Beemon

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Beemon last won the day on June 27

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About Beemon

  • Rank
    Unorthodox Restorer
  • Birthday 12/19/1991

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  • Gender:
    Male
  • Location:
    Kent, WA
  • Interests:
    Cars, Women

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  • Biography
    I'm a 23 year old college student trying to piece together my grandfather's old beauty.

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  1. I'm assuming you have compound carburetion? I'm not familiar with the 41 Buicks by any means, but did you synchronize the carbs?
  2. MrEarl, can you add this thread to the list? I'm sure it will help others as it has helped me tremendously.
  3. I know I'm reviving an old thread, but this information is extremely valuable and I'm thankful for the knowledge gained on these forums. My contact points were stuck, but after a few winds and some light oil, my clock is ticking!
  4. I guess if it is made from aluminum, it should be as light as the power steering pump, so makes sense! Thanks for the pictures, I have never seen the original bracket before. I'll most likely use the 401 bracket as a template, and then use the bolt spacing of the compressor to make the top, like you did. Looks like the driver side compressor bolt hole is in line with the water log bolts? What's the spacing from the top log bolt to the compressor bolt? If you have that on hand, that is...
  5. Mike, no rear bracket? How sturdy is it? Does it bounce?
  6. I had the same problem and did the same until I dug my original out of the trash.
  7. What were white wall height for 56 (same as 54,55?)? 2 3/4? I ask because someone near me is selling 4 new Diamondback Radials 235/75R15 with 3 3/4 width white walls for $850 and I'm wondering how big they would be in comparison. I have no comparison photos to look at the differences. I doubt I'll be able to grab these tires anyways, but thought to ask just in case...
  8. Looks fake to me.
  9. This thread is a blast from the not so distant past. Brandon, what was the name of the place that did your work? Wouldn't mind finding something like that near me, that's about all I can afford.
  10. I would take the old hose to a local auto parts store that has vacuum hose by the length and get you some new hose. NAPA is usually pretty good about that kind of stuff. No sense re-using the old, brittle hose. It got 60 years out of it, maybe lay it to rest? Use weather strip adhesive. Apply it to the booster, not the hose, and then slide it over and let set.
  11. Before you pull it back apart, the pin at the brake pedal should be offset to allow the pedal to be moved up and down. Did you try adjusting the pedal first? You should be able to oil the booster at the vent on the side, if it has one. Just keep oiling until it's noticeably wicked through. From what you said, it moves just fine without being attached to the firewall, but when the pedal is attached is when it binds?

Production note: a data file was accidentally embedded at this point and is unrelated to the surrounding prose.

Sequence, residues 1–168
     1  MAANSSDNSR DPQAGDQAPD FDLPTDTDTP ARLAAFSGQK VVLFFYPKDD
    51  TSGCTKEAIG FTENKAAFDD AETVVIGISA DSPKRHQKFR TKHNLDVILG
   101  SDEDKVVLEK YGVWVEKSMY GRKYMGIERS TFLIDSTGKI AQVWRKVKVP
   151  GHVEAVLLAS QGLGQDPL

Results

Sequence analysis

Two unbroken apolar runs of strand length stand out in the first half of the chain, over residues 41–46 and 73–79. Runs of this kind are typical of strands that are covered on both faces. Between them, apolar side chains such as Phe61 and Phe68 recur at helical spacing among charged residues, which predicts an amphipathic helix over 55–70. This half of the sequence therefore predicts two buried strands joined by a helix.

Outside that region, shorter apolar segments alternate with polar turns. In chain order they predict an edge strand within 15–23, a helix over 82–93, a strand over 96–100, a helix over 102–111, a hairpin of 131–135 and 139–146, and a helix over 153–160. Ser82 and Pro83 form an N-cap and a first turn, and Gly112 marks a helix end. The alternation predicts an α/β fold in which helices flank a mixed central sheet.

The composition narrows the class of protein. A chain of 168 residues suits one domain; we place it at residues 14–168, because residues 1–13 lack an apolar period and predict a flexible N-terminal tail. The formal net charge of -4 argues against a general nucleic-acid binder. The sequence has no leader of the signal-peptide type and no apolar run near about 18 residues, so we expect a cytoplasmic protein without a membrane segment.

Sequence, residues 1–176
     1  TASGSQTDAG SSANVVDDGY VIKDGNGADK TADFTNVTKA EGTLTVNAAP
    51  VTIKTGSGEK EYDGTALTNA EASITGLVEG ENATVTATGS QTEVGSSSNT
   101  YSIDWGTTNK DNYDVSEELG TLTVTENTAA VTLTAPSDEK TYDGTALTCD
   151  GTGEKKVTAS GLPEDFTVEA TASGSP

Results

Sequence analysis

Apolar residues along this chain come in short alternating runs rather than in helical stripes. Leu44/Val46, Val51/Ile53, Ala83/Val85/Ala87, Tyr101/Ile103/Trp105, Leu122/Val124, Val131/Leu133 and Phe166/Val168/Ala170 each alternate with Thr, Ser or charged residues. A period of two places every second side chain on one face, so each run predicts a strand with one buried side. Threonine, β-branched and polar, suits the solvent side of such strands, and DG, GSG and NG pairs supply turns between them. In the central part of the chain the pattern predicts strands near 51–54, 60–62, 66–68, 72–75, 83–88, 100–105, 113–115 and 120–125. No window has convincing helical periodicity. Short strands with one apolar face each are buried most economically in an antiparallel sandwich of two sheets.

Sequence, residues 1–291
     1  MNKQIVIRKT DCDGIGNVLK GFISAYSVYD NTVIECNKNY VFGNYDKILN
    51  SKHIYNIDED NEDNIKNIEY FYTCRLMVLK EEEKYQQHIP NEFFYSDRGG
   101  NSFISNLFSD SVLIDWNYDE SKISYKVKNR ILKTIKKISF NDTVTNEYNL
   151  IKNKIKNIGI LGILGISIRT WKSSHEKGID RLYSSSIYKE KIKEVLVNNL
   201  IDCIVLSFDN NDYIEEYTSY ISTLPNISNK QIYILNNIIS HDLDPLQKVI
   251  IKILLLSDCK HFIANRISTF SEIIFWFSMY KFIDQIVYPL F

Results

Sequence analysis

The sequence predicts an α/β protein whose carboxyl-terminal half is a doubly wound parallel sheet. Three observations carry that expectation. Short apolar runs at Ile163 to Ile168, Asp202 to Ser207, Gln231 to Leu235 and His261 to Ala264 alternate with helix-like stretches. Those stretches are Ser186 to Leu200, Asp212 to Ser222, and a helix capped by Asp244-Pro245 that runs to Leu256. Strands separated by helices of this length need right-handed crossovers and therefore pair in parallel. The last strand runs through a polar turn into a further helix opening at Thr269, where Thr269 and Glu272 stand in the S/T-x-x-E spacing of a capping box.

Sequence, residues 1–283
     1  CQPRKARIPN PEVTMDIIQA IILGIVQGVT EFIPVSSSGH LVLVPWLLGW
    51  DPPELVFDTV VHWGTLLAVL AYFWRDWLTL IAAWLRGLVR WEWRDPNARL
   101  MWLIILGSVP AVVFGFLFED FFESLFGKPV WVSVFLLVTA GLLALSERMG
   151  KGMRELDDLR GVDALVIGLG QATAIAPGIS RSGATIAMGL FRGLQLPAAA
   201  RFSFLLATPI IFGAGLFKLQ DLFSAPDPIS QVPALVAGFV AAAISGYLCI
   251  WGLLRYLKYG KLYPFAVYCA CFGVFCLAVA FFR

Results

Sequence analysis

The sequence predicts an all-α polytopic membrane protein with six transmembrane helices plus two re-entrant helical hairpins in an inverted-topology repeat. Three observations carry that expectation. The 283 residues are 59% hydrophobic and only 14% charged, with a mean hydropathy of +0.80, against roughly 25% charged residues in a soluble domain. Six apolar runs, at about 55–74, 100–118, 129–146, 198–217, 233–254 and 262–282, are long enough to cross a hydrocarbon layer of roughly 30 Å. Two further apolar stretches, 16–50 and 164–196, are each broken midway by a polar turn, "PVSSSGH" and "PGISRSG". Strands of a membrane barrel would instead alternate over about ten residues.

12. I would probably flush your coolant, double check your t-stat with maybe replacing it with a new one. Double check your rad cap, too. Brass radiators don't like any more than 7lbs of pressure. Maybe even pop out some freeze plugs and see if the block needs some cleaning? Coolant does break down over time and just like brake fluid, should be replaced every couple years whether you drive it alot or not.
  13. I think a spacer would be more like a shim between the booster and master cylinder so there isn't slop. For example, you go to put your foot on the pedal and the booster rod moves a little before contacting the master cylinder plunger. Since your braking is pretty good, I doubt you need that spacer. I would guess it's the booster, too. The master cylinder would more than likely be spring loaded and allow the rod to return easily, but the diaphragm in the booster could be stuck, or something is not allowing it to return, like how Joel noted. Also, like Willie said, there needs to be some sort of vent. On the original boot, the vent came from out of the vacuum chamber stem and flowed through the boot back to the cylinder (at least on the old units). If you have a boot on there that looks more like a cone than a cylinder, you could be restricting the flow to allow the booster to release. Cleaning the booster is probably your best bet! Willie, did you use the repro boots or the original on your rebuild? I had chucked my old one for a new one, only to find out the new one was restricting flow since it tapered at the top. The old one works without any holes cut in it.
  14. There should be an adjustment at the brake pedal to align the rod with the pedal. You might have a slight bind that is keeping it from returning. If the adjustment doesn't help, then the leather cup is too dry and is not allowing it to return properly. The 56 shop manual says to lube the leather cup with ATF, not sure about 58. And by lube, I mean soak that thing really good until it's completely wicked. Likewise, just with all old rubbers, that hose in the booster should have been replaced. The old one was glued, so this one should be, too.
  15. You should try for one day taking off the mechanical fan and see how it runs. You might be surprised how much of a difference it might make. Or it could go the other way, but you never really know. It's not a flex fan, is it? They say for optimal flow through a fan shroud, you need 1" spacing all around (18" fan in a 20" shroud - this is for engine flex), and the fan has to sit halfway in and halfway out. Also what kind of thermostat are you running? How many pump vanes? What type of coolant? Cap pressure?